5 tips when upgrading a guest

In a price-conscious environment where most of the buying takes place online it’s not unusual to sell the less expensive accommodation first and get left with the more expensive, and often harder to sell, inventory.

To stay relevant on the many Online Travel Agent sites you have to highlight your least expensive room which inadvertently means you are exacerbating the problem.

When I see lavish renovations taking place in hotels or the purchase of ultra-luxury villas in resorts I often wonder if these decisions are more about the ego of the owner than sound market research. Regardless of the cause, the issue remains that you might have problems selling leftover high priced accommodation.

One well used tactic is to upgrade customers to higher class rooms to free up the cheaper and perhaps easier to sell accommodation. Given the perishable and worthless nature of last night’s unsold rooms it’s not a bad idea.

Here are five things you might want to consider when contemplating an upgrade strategy.

1. Have a plan

Trying to do upgrades on the run without thinking it through can lead to problems. You can end up by leaving money on the table by giving them away when you didn’t have to and leaving a room unsold because you waited too long. Develop a strategy you can live with and that works best for you and carefully articulate it to staff. Let them know who can give upgrades and under what circumstances. Set a rule that staff have to note the reasons they gave the upgrade.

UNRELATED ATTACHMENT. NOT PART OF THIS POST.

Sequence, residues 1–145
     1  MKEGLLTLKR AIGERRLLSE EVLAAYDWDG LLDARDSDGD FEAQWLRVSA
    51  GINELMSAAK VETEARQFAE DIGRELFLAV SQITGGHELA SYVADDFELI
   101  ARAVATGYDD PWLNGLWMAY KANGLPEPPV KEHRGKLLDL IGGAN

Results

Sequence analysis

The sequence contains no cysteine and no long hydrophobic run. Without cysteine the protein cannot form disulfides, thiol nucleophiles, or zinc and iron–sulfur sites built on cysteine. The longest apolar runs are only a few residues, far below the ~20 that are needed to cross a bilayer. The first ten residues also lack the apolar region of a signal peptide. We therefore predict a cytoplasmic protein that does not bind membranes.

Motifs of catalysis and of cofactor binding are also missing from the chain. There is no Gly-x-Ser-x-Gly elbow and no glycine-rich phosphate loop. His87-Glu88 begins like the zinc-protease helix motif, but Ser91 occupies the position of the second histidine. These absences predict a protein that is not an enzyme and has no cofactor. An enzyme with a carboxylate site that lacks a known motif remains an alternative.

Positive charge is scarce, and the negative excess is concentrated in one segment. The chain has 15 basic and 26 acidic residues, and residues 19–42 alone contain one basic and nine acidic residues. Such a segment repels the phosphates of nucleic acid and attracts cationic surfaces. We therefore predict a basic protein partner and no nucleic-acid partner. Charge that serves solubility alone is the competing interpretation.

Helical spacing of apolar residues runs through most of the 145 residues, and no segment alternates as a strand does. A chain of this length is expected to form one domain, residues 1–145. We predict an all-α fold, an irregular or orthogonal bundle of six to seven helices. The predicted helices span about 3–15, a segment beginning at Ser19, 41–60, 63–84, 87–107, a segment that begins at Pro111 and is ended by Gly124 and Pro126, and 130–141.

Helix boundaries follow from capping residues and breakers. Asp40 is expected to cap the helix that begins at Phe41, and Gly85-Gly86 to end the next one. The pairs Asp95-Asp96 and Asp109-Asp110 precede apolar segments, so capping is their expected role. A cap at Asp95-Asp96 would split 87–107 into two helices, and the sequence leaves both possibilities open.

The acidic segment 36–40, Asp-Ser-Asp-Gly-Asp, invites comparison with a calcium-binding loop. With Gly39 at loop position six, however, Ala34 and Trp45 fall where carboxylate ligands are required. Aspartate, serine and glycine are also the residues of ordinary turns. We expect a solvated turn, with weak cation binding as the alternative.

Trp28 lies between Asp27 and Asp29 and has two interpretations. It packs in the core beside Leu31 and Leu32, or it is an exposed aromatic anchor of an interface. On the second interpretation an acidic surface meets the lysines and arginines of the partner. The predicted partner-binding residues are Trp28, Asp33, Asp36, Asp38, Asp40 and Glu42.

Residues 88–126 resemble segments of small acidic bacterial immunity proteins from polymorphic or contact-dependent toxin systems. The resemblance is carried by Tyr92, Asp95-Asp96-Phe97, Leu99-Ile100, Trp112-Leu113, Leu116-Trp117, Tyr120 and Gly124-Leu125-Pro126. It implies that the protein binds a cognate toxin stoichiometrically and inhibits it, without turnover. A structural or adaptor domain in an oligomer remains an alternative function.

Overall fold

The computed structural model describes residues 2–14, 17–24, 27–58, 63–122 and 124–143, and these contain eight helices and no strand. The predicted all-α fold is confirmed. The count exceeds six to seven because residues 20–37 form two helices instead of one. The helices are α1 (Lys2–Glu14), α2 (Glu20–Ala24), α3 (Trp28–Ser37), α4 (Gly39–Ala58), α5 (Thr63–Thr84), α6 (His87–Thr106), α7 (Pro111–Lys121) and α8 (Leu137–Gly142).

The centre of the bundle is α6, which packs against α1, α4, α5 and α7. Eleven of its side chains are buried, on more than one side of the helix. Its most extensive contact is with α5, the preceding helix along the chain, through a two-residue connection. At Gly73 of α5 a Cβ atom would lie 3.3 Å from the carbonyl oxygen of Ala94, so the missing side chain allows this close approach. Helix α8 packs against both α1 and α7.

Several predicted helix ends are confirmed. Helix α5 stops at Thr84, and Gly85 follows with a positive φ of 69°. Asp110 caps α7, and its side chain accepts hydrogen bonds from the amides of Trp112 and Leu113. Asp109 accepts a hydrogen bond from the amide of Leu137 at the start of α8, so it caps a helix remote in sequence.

2. Don’t overdo free upgrades

It’s amazing how quickly a random act of kindness can become an expectation in the mind of the recipient. Try this experiment at home. For the next four Sundays get up early and prepare a sumptuous breakfast for your significant other. See what the response is on the fifth Sunday when you stop doing it. Almost certainly you will be greeted with, “Where’s breakfast”?

Same with free upgrades. You don’t have to give many away before the guest will tell the receptionist, “I usually get a free upgrade”. If you continue to do this with regular guests you’re not actually giving upgrades, you’re just dropping your rates.

3. Give preference to loyal customers

Without contradicting the previous point, it makes sense to reward loyalty. A member of your rewards program or regular guest should get an upgrade offer before a blow in. Why give a cheap or free upgrade to an international tourist for example. Chances are they are never coming back whatever you do.

4. Upgrade shorter stays first

Notwithstanding the fact that a higher class room may cost more to clean, you might be denying yourself opportunities if you perform an upgrade for a long stay. Consider giving preference to shorter stays.

5. Why are you upgrading?

If you find that you are constantly giving upgrades for little or no reward, the issue might simply be that your rate strategy is wrong. Generally speaking, luxury accommodation has shorter periods of strong demand and high levels of oversupply. It may well be that there are simply not enough people in the world that want to pay your rate. Perhaps try to make hay while the sun shines and take the hit in the down times.

Being more agile with rate and inventory levels on the OTAs can also help. Consider holding back the cheaper rooms until you reach a threshold of premium room sales. Release the budget rooms in a way that aids this strategy.

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